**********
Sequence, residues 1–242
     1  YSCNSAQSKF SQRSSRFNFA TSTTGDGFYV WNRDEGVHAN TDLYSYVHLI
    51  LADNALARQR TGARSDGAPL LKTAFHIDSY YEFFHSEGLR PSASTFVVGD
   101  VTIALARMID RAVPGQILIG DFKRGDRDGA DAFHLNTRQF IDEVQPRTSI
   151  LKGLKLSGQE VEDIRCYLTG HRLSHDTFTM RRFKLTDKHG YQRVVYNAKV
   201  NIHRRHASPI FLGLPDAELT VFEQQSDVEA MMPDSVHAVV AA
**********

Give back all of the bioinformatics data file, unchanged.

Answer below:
Sequence, residues 1–242
     1  YSCNSAQSKF SQRSSRFNFA TSTTGDGFYV WNRDEGVHAN TDLYSYVHLI
    51  LADNALARQR TGARSDGAPL LKTAFHIDSY YEFFHSEGLR PSASTFVVGD
   101  VTIALARMID RAVPGQILIG DFKRGDRDGA DAFHLNTRQF IDEVQPRTSI
   151  LKGLKLSGQE VEDIRCYLTG HRLSHDTFTM RRFKLTDKHG YQRVVYNAKV
   201  NIHRRHASPI FLGLPDAELT VFEQQSDVEA MMPDSVHAVV AA